I claim:

1. A self-submerging toy submarine comprising a hollow hull body having slow acting small capacity primary water admission means in its bottom portion below its normal water-line and relatively rapidly acting large capacity secondary water admission means spaced above but closely adjacent to its normal water-line, and said hull body having constant air vent means in its top portion.

2. A self-submerging toy submarine comprising a hollow hull body having slow acting primary water admission means in its bottom portion below its normal water-line and relatively rapidly acting secondary water admission means spaced above its normal water-line, said hull body having air vent means in its top portion, and said hull body having at its top portion means to provide a chamber open toward the interior of said hull body in which air may be trapped, whereby to float the hull body at a submerged level.

3. A self-submerging toy submarine comprising a hollow hull body having slow acting primary water admission means in its bottom portion below its normal water-line and relatively rapidly acting secondary water admission means spaced above its normal water-line and adjacent to its bow end, said hull body having air vent means in its top portion, and an upwardly openstern end float chamber mounted within the hull body on the bottom portion thereof adjacent its stern end.

4. A self-submerging toy submarine comprising a hollow vhull body having slow acting primary water admission means in its bottom portion below its normal water-line and relatively rapidly acting secondary water admission means spaced above its normal water-line and adjacent to its bow end, said hull body having air vent means in its top portion, an upwardly open stem end float chamber mounted within the hull body on the bottom portion thereof adjacent its stern end, and said hull body having at its top portion means to provide a chamber open toward the interior of said hull body in which air may be trapped, whereby to float the hull body at a submerged level.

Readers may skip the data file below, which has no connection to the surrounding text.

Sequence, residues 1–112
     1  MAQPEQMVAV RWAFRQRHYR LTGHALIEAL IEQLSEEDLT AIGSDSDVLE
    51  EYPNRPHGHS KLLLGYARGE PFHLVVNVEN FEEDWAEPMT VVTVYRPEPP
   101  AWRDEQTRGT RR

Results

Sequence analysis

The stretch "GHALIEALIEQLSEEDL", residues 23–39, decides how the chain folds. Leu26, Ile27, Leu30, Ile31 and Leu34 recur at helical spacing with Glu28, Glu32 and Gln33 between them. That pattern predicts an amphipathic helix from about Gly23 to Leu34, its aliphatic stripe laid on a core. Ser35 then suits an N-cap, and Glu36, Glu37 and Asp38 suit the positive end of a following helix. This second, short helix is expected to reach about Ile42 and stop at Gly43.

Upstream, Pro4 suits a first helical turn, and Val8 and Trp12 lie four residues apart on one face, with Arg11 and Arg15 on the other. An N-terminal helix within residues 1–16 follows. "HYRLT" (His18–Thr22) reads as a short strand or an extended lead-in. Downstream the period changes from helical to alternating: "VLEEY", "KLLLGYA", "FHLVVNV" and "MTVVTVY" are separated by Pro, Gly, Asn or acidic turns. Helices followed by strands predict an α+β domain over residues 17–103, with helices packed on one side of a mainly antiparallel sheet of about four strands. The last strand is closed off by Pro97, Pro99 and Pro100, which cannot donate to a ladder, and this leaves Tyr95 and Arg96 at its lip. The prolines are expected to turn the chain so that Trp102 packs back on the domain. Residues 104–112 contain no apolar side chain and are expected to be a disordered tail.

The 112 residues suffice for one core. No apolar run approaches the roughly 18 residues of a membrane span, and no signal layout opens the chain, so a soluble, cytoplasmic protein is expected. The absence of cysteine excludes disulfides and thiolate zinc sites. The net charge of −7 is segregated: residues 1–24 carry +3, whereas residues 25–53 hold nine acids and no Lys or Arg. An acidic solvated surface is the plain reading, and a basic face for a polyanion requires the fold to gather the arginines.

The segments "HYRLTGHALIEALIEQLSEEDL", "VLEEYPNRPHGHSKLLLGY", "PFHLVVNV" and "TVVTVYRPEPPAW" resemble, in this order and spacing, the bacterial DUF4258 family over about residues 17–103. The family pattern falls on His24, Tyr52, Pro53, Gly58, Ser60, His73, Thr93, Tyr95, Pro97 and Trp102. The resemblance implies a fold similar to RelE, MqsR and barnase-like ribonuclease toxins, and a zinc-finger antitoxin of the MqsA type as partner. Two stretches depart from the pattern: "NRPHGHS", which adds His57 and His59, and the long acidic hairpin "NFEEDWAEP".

5. A self-submerging toy submarine comprising a hollow hull body having slow acting primary water admission means in its bottom portion below its normal water-line and relatively rapidly acting secondary water admission means spaced above its normal wat er-line, said hull body having air vent means in its top portion, said hull body having at its top portion means to provide a chamber open toward the interior of said hull body in which air may be trapped, whereby to float the hull body at a submerged level, a movable periscope element normally retracted within the interior of said hull body but adapted to be projected exteriorly through the top portion thereof, and an upwardly open carrier float to which the inner end of said periscope element is afliXed, said periscope element being adapted to be projected by the up-buoying of its carrier float by water entered and rising within said hull body and thereafter retracted by overflow of water into said carrier float when the hull body is submerged.

6. A self-submerging toy submarine comprising a hollow hull body having slow acting primary water admission means in its bottom portion below its normal water-line and relatively rapidly acting secondary water admission means spaced above its normal water-line, said hull body having at its top portion means to provide a chamber open toward the interior of said hull body in which air may be trapped, whereby to float the hull body at a submerged level, means to provide an outwardly open hatchway at the top portion of said hull body, a pivoted hatch door means operative in said hatchway means and a sailor efiigy carried thereby adapted to be exteriorly projected from the hatchway means when the door means is moved to open position and withdrawn thereinto when the door means is moved to closed position, and. float operated means for actuating said door means operative to move the latter to closed osition when its float is up-buoyed by water entering and rising within said hull body during submerging movement thereof.